some rising smoke, signs of habitation,
and accordingly, having cautiously ad
vanced, came upon a log-house, where
they found a Canadian settler and his
three children, the eldest of whom was
less than fifteen years. They were taken
captive, and were being led back to the
camp, when suddenly the whoop of the
Indian sounded upon their ears, and they
discovered that a large body of these sav
ages were close upon their track.

There was no hope now but in conceal
ment and flight. The rangers, skilled in
forest-warfare, plunged at once into the
woods, and strove to dodge the Indian pur
suit amonff the trees and undergrowth.

O O

They moved on with the greatest possi
ble haste, dragging their prisoners with
them, and endeavored to keep so silent
as not to be heard by the savages, who
were beating the woods like so many
bloodhounds. Silence, however, was im
possible. The Canadian father and his
eldest son were readily kept quiet ; but
the two younger children, who w T ere al
most infants, kept up such a continual
cry of fear and anguish, that it was found
impossible to stop them. Threats were
tried in vain, and persuasions were found
equally useless. They were urged by
Lieutenant Rogers to leave him, and find
their way home ; but they would not be
entreated, and continued their lamenta
tions, so that the woods rang with their
cries. The savages, guided by the noise,
were fast approaching. Rogers was al



most in despair. His only hope was now
in a terrible sacrifice. The children must
be silenced ; and silenced they were, by
death ! A sword was plunged into the
heart of each of the innocents, and their
bodies cast aside, to be eaten by the
wolves. Rogers now succeeded in reach
ing Monckton s camp in safety with all
his rangers and the bereaved remnant of
his prisoners.

Wolfe succeeded without difficulty in
conveying a large force from the island
of Orleans to the opposite bank of the
river, and there encamped them. The
river and the falls of Montmorenci were
now between him and the enemy : he
was on the east side of the stream, whose
course is north and south, and they on
the west. The falls, with a descent of
three hundred feet, and the rapids of the
river, near where Wolfe was encamped,
formed an impassable barrier between
the two camps. The ground which the
English, after a slight struggle with the
Indians and bush-rangers, now held, was
in a commanding position, and so lofty,
that from its cliffs the eye readily looked
down within the intrenchments of the
enemy on the opposite side. A crossing-
place was now searched for, and a ford
found some three miles distant from the
mouth of the Montmorenci. But the
French side was so well protected by the
natural barriers of precipice and throng
ing woods, and the strong intrenchments
which the alert Montcalm had thrown
up, that it seemed almost impracticable
to attempt it. Several efforts were, not
withstanding, made which, however,
were repulsed each time by a murderous



COLONIAL.]



THE FLEET ASCENDS THE ST. LAWRENCE.



117



fire from the Indians hidden in the forest
covert. Wolfe now abandoned for ever
all hope of crossing at that point.

Montcalm became confident and more
daring when he found Wolfe s plan had
failed ; and, believing that the English
had made a fatal error in dividing their
force, tried to profit by it. He accord
ingly sent a body of troops from Quebec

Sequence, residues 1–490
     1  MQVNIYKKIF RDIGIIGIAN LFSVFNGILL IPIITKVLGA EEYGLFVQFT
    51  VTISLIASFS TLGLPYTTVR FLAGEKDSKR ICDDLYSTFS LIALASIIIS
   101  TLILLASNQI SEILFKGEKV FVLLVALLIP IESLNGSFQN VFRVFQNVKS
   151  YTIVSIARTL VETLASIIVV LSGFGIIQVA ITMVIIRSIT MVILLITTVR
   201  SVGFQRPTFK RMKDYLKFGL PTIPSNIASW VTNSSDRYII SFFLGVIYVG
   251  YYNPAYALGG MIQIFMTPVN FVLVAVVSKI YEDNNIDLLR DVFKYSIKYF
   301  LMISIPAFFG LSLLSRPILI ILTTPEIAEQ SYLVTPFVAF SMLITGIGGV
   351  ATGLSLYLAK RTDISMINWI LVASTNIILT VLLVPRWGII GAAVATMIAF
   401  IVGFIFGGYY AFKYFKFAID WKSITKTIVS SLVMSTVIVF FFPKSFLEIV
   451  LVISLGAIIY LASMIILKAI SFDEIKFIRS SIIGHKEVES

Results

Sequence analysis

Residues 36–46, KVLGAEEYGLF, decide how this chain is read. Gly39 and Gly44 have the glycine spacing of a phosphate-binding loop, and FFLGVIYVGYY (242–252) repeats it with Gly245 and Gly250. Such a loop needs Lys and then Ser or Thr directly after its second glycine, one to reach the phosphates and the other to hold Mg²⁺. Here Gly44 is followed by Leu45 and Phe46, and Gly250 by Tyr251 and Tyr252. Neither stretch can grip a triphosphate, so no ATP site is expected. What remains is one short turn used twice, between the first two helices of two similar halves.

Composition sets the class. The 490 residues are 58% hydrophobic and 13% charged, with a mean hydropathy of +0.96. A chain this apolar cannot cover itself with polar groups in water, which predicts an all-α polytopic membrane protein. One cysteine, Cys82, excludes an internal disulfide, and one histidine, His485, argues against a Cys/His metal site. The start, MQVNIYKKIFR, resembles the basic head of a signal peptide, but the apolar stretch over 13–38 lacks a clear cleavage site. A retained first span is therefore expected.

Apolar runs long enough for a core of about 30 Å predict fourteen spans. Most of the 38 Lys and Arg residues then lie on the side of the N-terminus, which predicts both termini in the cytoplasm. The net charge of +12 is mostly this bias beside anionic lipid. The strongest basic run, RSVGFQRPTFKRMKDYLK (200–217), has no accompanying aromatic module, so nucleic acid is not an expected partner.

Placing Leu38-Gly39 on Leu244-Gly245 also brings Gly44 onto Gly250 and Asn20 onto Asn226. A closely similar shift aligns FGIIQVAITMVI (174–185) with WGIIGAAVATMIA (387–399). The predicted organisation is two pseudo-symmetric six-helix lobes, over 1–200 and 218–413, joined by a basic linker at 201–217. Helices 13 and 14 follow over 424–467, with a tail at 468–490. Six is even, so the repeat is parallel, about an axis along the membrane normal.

to the south bank of the St. Lawrence,
to the west of Point Levi, where Monck-
ton was encamped, and gave orders for
a night-attack. Wolfe, hearing of this
movement, made his way across at once,
and took command in person of the troops
in Monckton s camp. Not conscious of
the dangers which were pressing to over
whelm them in the darkness, the British
soldiers threw themselves down, after a
day s hard duty at the w T orks, and now
lay in profound repose.

Two thousand French, Canadians, and
savages, as soon as the shades of evening
had begun to fall, took up their silent
march. De Chassier, a brave man, lord
of the domain of Point Levi, and familiar
with every landmark and forest-path, led
the force. This was separated, as it ap
proached the British camp, into two di
visions. One was sent in advance, and
the other followed at some distance in
the rear. As the first proceeded through
the wood in the increasing darkness, the
men became suddenly alarmed, and fled
back in confusion. The other division
oming up, and hearing the approaching
footsteps of their retreating comrades,
took them for the enemy, and commenced
a deadly fire, which was returned ; and
the awful mistake was not discovered



until seventy had been killed, and both
parties had been put to flight in opposite
directions ! The only result of this un
fortunate expedition was this sad suici
dal slaughter.

While the British troops were busily
engaged on Point Levi and the bank of
the Montmorenci, in throwing up their
intrenchments, Wolfe continued active in
studying the defences of the enemy, and
the natural position of the surrounding
country. A portion of the fleet, under
Admiral Holmes, having been moved du
ring the night, much to the surprise and
alarm of the inhabitants of Quebec, up
the St. Lawrence, and even beyond that
city, where they were anchored, Wolfe
seized the opportunity of taking a survey
of the northern bank of the river, to the
west of the town. He accordingly took
a barge and pushed off from the shore
to the nearest ship in the stream. The
barge was observed, and immediately the
enemy s guns began to play upon her;
but she happily succeeded, with only the
loss of her mast, in carrying her precious
freight to the safe guardianship of a sev
enty-four. Wolfe did not like the look
of things above Quebec. The northern
banks of the St. Lawrence rose in rugged
precipices from the shore, there as else
where, about the site of the formidable
citadel. Moreover, the French had de
fended the approach by intrenchments
and a strong battery at Sillery, which
crowned the high ground of the northern



Online LibraryRobert TomesBattles of America by sea and land. With biographies of naval and military commanders (Volume 01) → online text (page 15 of 126)